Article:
- Hardcover: 352 pages
- Publisher: Penguin Press HC, The (Aug. 9 2011)
- Language: English
- ISBN-10: 1594202958
- ISBN-13: 978-1594202957
- Product Dimensions: 16.5 x 2.9 x 24.1 cm
- Shipping Weight: 522 g
- Average Customer Review: 5 customer reviews
- Amazon Bestsellers Rank: #411,271 in Books (See Top 100 in Books)
A First-Rate Madness: Uncovering the Links Between Leadership and Mental Illness Hardcover – Aug 9 2011
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— BOSTON GLOBE
“Ghaemi isn’t the first to claim that madness is a close relative of genius, or even the first to extend the idea into politics. But he does go further than others… His explanations are elegant, too—intuitively accurate and banked off the latest psychiatric research.”
“A provocative thesis… Ghaemi’s book deserves high marks for original thinking.” –THE WASHINGTON POST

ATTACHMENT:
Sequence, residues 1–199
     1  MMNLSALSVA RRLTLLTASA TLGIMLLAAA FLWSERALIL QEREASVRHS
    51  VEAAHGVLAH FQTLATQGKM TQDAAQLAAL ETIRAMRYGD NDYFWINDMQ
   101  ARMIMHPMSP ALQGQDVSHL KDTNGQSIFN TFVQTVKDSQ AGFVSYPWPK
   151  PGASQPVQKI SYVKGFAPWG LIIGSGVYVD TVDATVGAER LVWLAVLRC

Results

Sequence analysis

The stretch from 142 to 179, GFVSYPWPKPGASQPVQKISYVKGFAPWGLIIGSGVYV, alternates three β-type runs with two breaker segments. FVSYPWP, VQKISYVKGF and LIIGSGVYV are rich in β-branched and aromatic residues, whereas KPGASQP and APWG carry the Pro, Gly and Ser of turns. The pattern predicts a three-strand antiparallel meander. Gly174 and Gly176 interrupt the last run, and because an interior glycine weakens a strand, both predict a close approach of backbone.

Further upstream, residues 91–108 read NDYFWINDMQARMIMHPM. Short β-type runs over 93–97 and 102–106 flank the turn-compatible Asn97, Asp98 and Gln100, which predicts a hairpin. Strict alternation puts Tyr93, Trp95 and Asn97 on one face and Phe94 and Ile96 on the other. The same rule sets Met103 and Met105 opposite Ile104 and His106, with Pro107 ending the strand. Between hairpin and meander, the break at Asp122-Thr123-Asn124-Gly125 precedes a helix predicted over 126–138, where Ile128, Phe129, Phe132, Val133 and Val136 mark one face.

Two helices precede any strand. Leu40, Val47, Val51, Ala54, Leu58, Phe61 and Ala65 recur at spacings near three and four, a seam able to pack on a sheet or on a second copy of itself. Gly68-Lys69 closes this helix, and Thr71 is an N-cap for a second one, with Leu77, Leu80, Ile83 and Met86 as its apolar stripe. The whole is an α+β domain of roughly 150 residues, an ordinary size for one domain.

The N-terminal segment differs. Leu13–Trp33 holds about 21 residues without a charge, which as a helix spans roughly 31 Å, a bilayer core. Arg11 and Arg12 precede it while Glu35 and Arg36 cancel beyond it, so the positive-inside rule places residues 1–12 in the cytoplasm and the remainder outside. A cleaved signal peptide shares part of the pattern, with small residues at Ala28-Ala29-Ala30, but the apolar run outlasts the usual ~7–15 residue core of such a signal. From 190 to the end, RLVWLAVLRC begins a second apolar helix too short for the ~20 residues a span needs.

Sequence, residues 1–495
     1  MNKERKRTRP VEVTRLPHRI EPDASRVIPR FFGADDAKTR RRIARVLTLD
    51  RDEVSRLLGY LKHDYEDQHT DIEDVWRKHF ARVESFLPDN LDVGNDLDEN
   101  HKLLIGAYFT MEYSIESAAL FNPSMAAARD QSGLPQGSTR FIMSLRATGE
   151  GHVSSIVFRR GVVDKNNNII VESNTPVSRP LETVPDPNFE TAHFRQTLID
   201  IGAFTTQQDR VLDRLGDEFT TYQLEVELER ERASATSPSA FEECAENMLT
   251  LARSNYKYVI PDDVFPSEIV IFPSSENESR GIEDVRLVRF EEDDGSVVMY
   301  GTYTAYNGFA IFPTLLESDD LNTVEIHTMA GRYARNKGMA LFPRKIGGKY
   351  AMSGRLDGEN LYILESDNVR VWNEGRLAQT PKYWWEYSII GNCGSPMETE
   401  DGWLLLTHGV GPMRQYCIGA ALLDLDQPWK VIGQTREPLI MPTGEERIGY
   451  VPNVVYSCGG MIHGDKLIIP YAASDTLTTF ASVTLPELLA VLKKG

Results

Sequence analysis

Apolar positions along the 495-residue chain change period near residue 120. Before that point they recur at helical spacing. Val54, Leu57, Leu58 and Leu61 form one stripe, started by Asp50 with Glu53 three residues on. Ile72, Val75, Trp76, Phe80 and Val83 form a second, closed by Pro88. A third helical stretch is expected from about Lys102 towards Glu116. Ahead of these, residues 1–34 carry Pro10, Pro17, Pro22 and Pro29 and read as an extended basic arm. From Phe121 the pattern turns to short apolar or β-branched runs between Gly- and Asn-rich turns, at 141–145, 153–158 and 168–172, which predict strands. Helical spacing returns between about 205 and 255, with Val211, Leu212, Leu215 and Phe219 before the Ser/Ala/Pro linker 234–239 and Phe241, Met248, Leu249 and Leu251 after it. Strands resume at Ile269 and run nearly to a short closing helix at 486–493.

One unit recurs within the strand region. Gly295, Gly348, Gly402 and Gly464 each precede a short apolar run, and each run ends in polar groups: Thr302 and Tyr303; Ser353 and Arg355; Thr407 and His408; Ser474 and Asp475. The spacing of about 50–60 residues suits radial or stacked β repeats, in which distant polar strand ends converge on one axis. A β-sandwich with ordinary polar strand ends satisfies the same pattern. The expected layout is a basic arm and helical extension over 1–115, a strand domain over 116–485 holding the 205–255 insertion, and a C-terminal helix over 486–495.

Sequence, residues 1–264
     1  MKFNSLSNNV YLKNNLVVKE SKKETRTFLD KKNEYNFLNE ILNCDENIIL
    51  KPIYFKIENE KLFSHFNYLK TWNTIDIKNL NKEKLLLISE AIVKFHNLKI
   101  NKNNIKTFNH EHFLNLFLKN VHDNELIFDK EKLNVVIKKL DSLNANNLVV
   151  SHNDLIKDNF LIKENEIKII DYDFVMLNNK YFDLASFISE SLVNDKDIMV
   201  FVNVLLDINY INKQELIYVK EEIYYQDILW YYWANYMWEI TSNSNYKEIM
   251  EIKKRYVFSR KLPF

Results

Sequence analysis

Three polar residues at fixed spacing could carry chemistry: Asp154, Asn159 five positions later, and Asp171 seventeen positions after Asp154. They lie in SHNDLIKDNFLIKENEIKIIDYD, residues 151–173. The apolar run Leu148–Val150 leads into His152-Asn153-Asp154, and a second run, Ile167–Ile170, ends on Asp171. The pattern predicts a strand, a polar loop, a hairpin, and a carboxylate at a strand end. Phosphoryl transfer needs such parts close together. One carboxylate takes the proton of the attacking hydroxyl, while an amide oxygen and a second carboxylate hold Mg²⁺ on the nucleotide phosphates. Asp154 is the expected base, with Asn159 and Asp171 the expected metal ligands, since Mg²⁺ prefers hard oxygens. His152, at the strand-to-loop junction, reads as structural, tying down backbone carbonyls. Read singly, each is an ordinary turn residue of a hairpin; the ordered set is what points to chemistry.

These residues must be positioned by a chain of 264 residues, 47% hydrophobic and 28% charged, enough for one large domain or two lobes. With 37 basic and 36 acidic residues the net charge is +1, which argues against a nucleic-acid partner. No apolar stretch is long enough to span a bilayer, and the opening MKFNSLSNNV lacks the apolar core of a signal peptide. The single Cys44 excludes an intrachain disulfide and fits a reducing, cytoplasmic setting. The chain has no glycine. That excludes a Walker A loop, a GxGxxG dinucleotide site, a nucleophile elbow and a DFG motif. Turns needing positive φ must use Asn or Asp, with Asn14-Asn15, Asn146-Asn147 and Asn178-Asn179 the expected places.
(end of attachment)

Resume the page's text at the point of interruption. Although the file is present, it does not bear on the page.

“Ghaemi is a remarkably disciplined writer, and he examines both psychiatry and history with impressive clarity and sensitivity. A First-Rate Madness will almost certainly be one of the most fascinating books of the year, not just because of the author's lucid prose and undeniable intelligence, but because of his provocative thesis: "For abnormal challenges, abnormal leaders are needed."” --NPR.ORG
“Provocative, fascinating.” –SALON.COM
About the Author
Nassir Ghaemi, M.D., is a professor of psychiatry at Tufts University School of Medicine and director of the Mood Disorders Program at Tufts Medical Center in Boston. He has published more than a hundred scientific articles and several books on psychiatry.
Top customer reviews
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An intriguing case is made regarding how a change in medications helped make JFK a better President while increasing drug abuse (methamphetamines) helped make Hitler even more unhinged.
A must read for any student of history or of psychology and anyone looking to challenge the current prejudices regarding mental illness.
This book pretty much says «This guy had mental disorders, and was great, probably because of his illness» and shows many examples. His ideas are very well put trough and trough to posit his ideas and it convinced me.
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